Bench Memos

Goodwin Liu on Constitutional Welfare Rights—Part 2

As shown by my Part 1 excerpts from Ninth Circuit nominee Goodwin Liu’s law-review article on “Rethinking Constitutional Welfare Rights,” Liu argues for what he calls an “interstitial” judicial role in recognizing constitutional “welfare rights” (broadly defined to include claimed affirmative rights to “education, shelter, subsistence, health care and the like, or to the money these things cost”).  Liu calls for judges to engage in “socially situated modes of reasoning that appeal … to the culturally and historically contingent meanings of particular social goods in our own society” and to “determine, at the moment of decision, whether our collective values on a given issue have converged to a degree that they can be persuasively crystallized and credibly absorbed into legal doctrine.”

I promised a critique of Liu’s argument, but I confess that I’m tempted merely to say to anyone who has read the excerpts I’ve presented (or the broader article):  To those who have a sober understanding of the judicial role under the American Constitution, no further explanation is necessary.  To those who think Liu’s conception seems sober, no further explanation is possible.

But let me try anyway.  Let’s consider some basic defects in Liu’s two-pronged response to the objection that the judicial role that he advocates invites judges, in the guise of interpreting the Constitution, to impose their own values on society:

1.  The judicial role that Liu proposes—“determin[ing] … whether our collective values on a given issue have converged to a degree that they can be persuasively crystallized and credibly absorbed into legal doctrine”—“requires keen attention to the trajectory of social norms reflected in public policies, institutions, and practices, as well as predictive judgment as to how a judicial decision may help forge or frustrate a social consensus.”  In remarkable understatement, Liu acknowledges that judicial exercise of that vast discretion is a “difficult task.”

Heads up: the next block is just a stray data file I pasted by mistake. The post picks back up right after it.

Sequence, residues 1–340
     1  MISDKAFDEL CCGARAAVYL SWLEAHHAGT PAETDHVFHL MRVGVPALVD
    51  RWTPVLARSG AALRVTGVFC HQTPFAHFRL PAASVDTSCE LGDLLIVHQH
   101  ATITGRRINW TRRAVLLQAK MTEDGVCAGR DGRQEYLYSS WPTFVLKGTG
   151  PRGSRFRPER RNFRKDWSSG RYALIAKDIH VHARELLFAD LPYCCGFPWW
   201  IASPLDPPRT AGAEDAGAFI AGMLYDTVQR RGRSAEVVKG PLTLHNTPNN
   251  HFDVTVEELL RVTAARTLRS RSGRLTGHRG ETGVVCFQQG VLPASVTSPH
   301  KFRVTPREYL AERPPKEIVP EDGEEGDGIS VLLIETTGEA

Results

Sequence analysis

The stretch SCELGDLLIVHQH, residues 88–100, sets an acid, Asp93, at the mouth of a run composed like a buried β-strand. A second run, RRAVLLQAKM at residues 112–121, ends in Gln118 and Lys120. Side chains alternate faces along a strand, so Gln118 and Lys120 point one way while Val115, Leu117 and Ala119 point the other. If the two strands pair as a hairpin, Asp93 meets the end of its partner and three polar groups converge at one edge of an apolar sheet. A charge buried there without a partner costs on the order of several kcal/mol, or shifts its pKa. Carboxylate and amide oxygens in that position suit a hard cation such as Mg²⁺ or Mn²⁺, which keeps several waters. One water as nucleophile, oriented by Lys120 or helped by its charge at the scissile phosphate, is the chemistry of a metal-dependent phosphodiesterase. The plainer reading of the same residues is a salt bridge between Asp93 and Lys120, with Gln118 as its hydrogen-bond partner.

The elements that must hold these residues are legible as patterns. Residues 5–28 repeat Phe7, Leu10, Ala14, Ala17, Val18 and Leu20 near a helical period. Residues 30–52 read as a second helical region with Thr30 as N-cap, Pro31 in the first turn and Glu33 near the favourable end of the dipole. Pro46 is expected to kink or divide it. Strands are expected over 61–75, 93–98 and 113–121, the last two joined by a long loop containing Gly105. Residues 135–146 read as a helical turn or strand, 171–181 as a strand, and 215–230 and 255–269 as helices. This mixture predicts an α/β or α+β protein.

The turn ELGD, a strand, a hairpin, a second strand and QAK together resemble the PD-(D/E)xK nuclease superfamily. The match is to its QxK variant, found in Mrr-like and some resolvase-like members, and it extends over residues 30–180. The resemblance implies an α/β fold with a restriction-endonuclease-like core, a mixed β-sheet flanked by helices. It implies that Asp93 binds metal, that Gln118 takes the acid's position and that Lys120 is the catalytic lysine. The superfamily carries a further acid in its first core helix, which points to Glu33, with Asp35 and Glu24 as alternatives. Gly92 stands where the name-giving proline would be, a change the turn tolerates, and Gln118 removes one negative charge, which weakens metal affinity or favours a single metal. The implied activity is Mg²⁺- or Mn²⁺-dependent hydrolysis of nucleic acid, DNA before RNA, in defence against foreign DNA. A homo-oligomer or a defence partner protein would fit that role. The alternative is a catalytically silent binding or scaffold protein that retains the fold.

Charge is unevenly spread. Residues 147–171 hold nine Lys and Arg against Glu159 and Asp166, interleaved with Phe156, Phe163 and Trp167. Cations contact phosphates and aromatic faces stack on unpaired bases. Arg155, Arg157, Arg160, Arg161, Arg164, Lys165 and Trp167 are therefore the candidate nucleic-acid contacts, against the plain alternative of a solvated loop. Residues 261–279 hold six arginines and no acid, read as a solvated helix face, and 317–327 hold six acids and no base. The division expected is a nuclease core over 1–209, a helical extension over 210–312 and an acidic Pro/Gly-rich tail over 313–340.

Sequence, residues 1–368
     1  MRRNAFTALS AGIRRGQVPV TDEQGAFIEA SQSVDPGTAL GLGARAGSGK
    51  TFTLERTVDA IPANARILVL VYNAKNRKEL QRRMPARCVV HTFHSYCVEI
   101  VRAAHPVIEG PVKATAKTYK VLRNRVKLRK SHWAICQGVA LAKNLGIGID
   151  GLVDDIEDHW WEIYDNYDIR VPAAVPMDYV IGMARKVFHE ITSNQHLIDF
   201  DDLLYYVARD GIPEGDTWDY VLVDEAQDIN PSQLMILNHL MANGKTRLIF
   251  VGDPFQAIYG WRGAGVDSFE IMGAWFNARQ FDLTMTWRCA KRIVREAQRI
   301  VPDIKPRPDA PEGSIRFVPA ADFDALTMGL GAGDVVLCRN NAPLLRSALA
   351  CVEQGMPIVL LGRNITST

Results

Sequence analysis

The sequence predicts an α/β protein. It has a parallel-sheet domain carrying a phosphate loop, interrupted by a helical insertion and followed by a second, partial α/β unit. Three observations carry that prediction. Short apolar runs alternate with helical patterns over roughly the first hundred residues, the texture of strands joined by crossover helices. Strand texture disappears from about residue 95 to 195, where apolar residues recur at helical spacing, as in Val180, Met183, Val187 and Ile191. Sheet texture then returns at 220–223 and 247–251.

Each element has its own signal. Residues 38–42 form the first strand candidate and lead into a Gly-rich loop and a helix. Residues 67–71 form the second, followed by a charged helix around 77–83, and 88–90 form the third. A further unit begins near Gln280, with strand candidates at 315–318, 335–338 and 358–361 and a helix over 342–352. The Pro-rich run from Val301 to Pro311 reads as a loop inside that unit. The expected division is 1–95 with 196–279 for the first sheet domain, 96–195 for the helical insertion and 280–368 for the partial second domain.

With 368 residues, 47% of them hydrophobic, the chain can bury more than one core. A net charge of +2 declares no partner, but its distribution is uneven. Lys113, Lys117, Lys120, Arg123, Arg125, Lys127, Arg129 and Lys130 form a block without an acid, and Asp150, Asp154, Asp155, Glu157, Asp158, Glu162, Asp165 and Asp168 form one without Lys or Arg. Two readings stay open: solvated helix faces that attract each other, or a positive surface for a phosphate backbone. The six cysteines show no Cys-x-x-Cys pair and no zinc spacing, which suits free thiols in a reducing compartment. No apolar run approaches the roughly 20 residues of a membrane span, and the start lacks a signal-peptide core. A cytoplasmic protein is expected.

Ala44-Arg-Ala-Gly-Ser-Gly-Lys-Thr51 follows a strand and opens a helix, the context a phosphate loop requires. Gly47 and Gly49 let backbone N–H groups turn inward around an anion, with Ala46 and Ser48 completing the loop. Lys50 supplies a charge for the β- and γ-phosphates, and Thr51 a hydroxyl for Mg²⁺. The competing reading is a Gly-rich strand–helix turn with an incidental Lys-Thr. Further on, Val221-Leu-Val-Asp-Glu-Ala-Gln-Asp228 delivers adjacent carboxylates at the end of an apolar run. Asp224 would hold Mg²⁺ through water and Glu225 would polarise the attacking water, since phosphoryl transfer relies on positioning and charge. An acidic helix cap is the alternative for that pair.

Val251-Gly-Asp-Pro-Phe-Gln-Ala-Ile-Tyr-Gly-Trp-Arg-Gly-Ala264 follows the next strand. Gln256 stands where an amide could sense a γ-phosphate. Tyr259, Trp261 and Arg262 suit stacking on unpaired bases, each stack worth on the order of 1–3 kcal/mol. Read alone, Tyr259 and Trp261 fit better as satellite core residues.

Liu’s only defense of conferring that vast discretion on judges is that that same task “pervades the interpretive work of courts on a wide range of constitutional questions”—namely (as he discusses on pp. 236-237), the Eighth Amendment’s prohibition of cruel and unusual punishments, the Fourth Amendment’s prohibition of unreasonable searches and seizures, and some questions under the constitutional guarantees of freedom of speech, equal protection, and due process.  But the asserted judicial role in most or all of his examples is controversial and disputed—and fairly invites the charge that judges are just imposing their own values on society in deciding those questions.  So it’s difficult to see Liu’s response as anything other than a verbal shell game.

2.  In response to the anticipated objection that courts aren’t better situated than legislatures to express society’s values, Liu retreats to the position that the form of judicial review that he is proposing is “dialogic and provisional” and would “focus[] on the extent of legislative deliberation and democratic legitimacy supporting” the legislative judgment.  In other words (as I understand it), rather than telling a legislature, “You can’t do X,” Liu’s judges would tell the legislature, “You haven’t adequately considered and explained why you have done X, and unless and until you do, you can’t do X.” 

I agree that, in theory at least, Liu’s proposed form of judicial review is less absolutist and interventionist than the harder form (precisely because it leaves open the possibility that the legislature can ultimately do X).  But Liu’s approach would have the courts treat Congress and the state legislatures as quasi-administrative bodies, with their reasoning and deliberation subjected to probing (but ill-defined) judicial review.  Liu makes no effort to justify this radical departure from traditional separation-of-powers principles.  Nor, in practice, is there any reason to believe that courts would be spare in exercising this softer form of judicial review.  Indeed, the conceit that the judicial review is softer would invite its overuse.  At the same time, it would take little ingenuity for judges to turn it into the practical equivalent of the harder form.

3.  More broadly, Liu does not acknowledge, much less confront, the argument that irrespective of whatever one imagines to be the relative capacities of the judiciary and the legislative bodies to express society’s values, our system of representative government assigns that function, within the bounds of the Constitution, to the legislative bodies.  It would seem that Liu doesn’t acknowledge that argument because he believes that the bounds of the Constitution are ultimately indeterminate, subject to “socially situated modes of reasoning that appeal … to … culturally and historically contingent meanings.”  That’s not someone to be trusted with judicial power.